The case of the day is Ackelson v. Manley Toys Ltd. (Iowa Ct. App. 2015). The plaintiffs, Tammie Ackelson, Robin Drake, and Heather Miller, sued their employers, Manley Toy Direct LLC, Toy Network LLC, alleging violations of the Iowa Civil Rights Act. They later amended the complaint to add Manley Toys Ltd., and Toy Quest, Ltd., two related entities, both Hong Kong companies without agents for service of process in the United States.
The employees sought to make service on the Hong Kong companies by way of the Hong Kong central authority under the Hague Service Convention. The bailiff’s affidavit stated that the address where he served the documents “was operating (sic) by two companies named Manley Toys Limited and Toy Quest Limited, of which a female staff member, Ms. Lo Ming informed me that the aforesaid address was the registered office of the said party for service.” Looks good! But the two Hong companies moved to quash the service on the grounds that they had no employe or agent named Lo Ming (as far as the decision reveals, they did not claim that service had been made at the wrong address). The trial judge granted the motion, citing a similar decision from the US District Court for the Southern District of Iowa in another case involving the same defendants (but not, apparently, involving the same plaintiffs). I believe that the federal decision at issue was this decision in Rennenger v. Manley Toy Direct LLC (S.D. Iowa 2013), which also featured the mysterious Lo Ming. The employees then sought to make service on the Hong Kong companies’ US counsel under Iowa Rule of Civil Procedure 1.305(14). The trial judge agreed, and the Hong Kong companies took an interlocutory appeal.
The actual issue in the case is very simple, and the court decided it correctly. The defendants claimed that the service violated the Hague Service Convention, which in their view required the documents to be transmitted abroad for service of process. But as we know from the Volkswagen case, the Convention is exclusive but not mandatory. That is, it applies whenever a document is transmitted abroad for service, but it does not determine when a document must be transmitted abroad for service. The law of the forum does that.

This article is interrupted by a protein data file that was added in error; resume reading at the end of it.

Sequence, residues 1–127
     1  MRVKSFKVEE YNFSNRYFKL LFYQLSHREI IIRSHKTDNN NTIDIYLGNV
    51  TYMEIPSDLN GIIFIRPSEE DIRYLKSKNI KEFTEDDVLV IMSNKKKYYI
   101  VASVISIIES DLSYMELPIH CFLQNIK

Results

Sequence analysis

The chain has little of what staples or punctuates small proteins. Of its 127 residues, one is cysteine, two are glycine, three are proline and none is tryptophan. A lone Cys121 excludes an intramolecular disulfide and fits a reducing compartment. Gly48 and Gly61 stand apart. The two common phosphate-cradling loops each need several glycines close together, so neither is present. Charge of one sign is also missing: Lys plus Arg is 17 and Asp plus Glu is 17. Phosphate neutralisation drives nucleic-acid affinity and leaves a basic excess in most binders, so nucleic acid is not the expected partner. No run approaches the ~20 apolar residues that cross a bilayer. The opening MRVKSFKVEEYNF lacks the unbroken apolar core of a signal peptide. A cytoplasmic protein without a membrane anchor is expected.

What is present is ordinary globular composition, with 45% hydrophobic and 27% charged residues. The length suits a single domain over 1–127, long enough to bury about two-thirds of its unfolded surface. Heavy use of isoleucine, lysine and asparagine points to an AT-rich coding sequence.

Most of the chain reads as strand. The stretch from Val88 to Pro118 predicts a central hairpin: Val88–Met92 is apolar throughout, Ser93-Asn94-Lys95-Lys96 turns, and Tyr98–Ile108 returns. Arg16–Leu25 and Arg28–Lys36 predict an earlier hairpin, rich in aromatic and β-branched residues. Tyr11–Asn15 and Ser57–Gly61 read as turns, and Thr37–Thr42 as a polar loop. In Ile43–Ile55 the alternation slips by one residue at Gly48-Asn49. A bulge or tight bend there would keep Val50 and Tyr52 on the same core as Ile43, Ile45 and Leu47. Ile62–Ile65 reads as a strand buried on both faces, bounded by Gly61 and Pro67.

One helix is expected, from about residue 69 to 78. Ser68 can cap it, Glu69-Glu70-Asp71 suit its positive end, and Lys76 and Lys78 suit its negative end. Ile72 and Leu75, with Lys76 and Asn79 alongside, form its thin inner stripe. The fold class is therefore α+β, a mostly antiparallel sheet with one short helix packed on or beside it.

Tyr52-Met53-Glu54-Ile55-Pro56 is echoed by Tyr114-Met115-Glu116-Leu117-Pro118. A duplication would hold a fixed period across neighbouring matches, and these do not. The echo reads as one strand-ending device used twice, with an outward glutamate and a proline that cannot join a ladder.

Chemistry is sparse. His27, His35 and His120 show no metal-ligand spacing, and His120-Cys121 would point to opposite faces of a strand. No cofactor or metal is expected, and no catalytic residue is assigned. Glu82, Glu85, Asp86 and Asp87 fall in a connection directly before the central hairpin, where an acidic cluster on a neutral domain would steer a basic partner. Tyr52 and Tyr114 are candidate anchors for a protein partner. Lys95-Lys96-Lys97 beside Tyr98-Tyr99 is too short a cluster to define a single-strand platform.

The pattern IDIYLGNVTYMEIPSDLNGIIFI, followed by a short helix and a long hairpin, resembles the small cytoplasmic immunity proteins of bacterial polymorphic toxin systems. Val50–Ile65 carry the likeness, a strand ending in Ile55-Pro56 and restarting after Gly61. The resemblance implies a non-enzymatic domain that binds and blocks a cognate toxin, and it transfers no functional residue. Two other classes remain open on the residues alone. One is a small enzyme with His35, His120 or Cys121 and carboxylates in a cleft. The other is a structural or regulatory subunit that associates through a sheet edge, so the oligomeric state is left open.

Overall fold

Indeed, service on a foreign entity by serving the entity’s US lawyers may be even more clearly correct under the law of Iowa than under federal procedural law. It seems that the relevant Iowa rule of civil procedure applies whenever service cannot be made by another means, whereas there is an argument to be made that FRCP 4(f)(3), the rule that federal courts point to when authorizing this method of service, does not permit such service, because FRCP 4(f) applies only to service “at a place not within any judicial district of the United States.”
So the result of the case is clearly correct. I want to draw attention to a point the appellate court wasn’t called on to decide, namely whether the trial court should so easily have quashed the first attempt at service. As we know, a certificate of service under Article 6 of the Convention establishes the fact of the service at least prima facie. (I assume there was an Article 6 certificate here, though the opinion isn’t really clear on that point). Even assuming everything the Hong Kong entities said was true, it’s not clear, to me anyway, that the service was insufficient under Chinese law. The whole point of the Article 6 certificate is to relieve the court hearing the case from having to decide on the sufficiency of service under the foreign law once the foreign central authority certifies that service has been made. Another point, maybe a smaller one: to the extent the Iowa court was giving some sort of preclusive effect to the earlier federal decision, was it right to do so, given that the plaintiffs in the Iowa case were not parties in the federal case and (it seems) not in privity with them?
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